South African and Vietnamese wildlife officials meet to stem rhino horn trade
After growing international pressure, South African officials are meeting their Vietnamese counterparts in Hanoi this week to find solutions to stemming the illegal trade in rhino horns.
Cape Town, South Africa
Conservationists say the Asian country is the biggest customer for poached horns stripped from the dead rhinos, which some Vietnamese believe can cure cancer.
Rhino horn, which can fetch up to $4,000 a pound on the black market, is used as a handle for daggers in some countries, and used throughout parts of Asia as medicine and as an aphrodisiac.
Poor customs regulations and a lack of political will have been blamed for allowing the illegal trade to flourish, which has led to a public outcry in South Africa. Pictures of de-horned rhinos have become a common sight in the media.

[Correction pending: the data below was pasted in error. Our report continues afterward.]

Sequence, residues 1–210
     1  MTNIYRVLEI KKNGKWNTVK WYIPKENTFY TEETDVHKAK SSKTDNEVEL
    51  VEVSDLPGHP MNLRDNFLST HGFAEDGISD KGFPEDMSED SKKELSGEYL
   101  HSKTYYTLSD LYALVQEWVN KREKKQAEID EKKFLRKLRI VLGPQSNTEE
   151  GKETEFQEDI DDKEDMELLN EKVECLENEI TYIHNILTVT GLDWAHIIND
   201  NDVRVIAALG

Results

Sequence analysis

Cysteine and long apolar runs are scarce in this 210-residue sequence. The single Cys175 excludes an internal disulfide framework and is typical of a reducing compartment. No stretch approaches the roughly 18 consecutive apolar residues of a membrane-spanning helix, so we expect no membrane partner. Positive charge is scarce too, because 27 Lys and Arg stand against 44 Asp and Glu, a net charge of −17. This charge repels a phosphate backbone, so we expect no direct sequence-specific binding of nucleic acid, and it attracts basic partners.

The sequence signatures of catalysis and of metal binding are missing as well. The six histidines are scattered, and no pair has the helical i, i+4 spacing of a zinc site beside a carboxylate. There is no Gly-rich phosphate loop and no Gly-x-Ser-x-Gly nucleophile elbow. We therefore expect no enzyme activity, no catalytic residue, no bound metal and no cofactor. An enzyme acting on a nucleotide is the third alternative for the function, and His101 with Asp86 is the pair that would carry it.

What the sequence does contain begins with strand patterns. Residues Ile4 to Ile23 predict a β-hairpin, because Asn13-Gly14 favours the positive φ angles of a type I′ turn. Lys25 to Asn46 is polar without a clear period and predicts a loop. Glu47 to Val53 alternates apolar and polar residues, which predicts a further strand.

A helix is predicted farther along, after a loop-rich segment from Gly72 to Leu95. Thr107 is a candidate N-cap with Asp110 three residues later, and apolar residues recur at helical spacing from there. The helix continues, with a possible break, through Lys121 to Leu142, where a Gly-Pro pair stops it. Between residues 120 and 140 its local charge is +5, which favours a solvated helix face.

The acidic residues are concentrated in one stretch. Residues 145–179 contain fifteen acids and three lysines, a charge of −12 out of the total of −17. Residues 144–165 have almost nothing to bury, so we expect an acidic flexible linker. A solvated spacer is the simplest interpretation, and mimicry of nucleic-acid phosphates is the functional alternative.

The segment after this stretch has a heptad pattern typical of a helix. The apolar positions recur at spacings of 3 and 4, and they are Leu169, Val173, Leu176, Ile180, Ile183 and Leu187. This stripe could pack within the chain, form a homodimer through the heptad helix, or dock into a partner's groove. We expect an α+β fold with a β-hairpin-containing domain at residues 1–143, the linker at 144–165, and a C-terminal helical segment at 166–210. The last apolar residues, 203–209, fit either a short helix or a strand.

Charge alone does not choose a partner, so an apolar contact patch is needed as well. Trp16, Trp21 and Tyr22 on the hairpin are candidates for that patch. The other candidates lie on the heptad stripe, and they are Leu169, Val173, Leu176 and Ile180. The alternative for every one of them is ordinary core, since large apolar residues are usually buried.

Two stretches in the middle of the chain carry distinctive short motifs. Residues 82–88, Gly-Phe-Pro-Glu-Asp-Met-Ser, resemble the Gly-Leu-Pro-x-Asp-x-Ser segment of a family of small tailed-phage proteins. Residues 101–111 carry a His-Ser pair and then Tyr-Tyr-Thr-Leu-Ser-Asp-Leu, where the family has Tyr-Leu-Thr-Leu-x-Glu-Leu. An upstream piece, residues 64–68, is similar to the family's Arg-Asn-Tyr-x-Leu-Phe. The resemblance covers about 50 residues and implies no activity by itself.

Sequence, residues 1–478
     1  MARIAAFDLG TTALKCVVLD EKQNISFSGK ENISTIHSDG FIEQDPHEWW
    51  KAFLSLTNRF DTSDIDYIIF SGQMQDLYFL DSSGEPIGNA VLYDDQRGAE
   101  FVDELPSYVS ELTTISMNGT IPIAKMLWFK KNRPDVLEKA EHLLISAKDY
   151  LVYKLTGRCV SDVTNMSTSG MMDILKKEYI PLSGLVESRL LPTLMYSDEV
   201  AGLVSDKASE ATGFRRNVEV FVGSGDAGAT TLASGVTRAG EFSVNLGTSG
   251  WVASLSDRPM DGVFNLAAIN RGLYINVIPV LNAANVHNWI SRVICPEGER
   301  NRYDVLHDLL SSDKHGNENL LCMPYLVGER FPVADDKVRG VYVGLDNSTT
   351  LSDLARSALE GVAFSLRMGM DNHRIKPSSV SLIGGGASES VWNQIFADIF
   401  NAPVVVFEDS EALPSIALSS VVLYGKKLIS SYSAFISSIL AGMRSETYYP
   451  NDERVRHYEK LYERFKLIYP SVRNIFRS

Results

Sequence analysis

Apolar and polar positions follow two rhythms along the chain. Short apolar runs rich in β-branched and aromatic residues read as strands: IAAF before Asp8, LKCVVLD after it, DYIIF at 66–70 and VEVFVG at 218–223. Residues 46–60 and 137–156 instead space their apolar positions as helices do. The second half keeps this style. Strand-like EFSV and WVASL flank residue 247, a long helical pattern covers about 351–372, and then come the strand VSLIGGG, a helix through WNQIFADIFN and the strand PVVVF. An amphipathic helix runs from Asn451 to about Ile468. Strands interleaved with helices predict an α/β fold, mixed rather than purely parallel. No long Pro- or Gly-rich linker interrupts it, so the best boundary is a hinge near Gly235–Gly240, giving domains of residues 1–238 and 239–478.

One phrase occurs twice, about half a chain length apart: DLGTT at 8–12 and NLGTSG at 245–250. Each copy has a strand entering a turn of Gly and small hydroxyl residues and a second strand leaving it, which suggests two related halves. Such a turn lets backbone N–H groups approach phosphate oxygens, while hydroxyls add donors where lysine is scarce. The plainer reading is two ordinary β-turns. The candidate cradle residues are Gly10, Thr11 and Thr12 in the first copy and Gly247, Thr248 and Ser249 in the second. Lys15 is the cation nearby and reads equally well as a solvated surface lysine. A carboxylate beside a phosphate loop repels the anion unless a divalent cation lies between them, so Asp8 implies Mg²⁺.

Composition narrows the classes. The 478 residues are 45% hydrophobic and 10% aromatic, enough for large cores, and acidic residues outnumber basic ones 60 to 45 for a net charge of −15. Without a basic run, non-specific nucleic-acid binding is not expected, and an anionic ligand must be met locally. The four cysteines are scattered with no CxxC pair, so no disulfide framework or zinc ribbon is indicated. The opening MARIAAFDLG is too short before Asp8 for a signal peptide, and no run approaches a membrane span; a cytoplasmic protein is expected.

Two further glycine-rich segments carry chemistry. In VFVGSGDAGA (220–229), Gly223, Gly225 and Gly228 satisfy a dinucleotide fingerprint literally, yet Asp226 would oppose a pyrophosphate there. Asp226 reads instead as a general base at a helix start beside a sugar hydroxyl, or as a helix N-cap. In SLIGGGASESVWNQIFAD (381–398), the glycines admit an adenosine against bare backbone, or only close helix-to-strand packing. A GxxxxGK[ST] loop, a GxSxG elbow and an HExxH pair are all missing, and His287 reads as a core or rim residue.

After growing international pressure, a five-strong government party from South Africa made up of police, national park and environment department officials is holding four days of talks with their Vietnamese counterparts to find solutions to the problem. Although no one expects the meetings to lead to an immediate drop in the smuggling, most observers agree that it's an important first step toward stemming the trade.
“The Vietnamese agreeing to talks and acknowledging there is a problem with poaching is a significant first step," says Dr. Richard Thomas from the wildlife trade monitoring network Traffic, which organized the trip. "There is a lot of evidence to say the horns are being smuggled to Vietnam so it’s important that there is joint co-operation between the governments.”
Increased demand in rhino horns
So far this year, 232 rhinos have been killed in South Africa for their horns, compared to 122 last year and 81 the year before.
“Poaching has become extremely sophisticated," says Mr. Thomas. "Poachers can dart a rhino, chainsaw off its horn, and helicopter it off in a matter of minutes. It can end up on the Asian market within 30 hours.”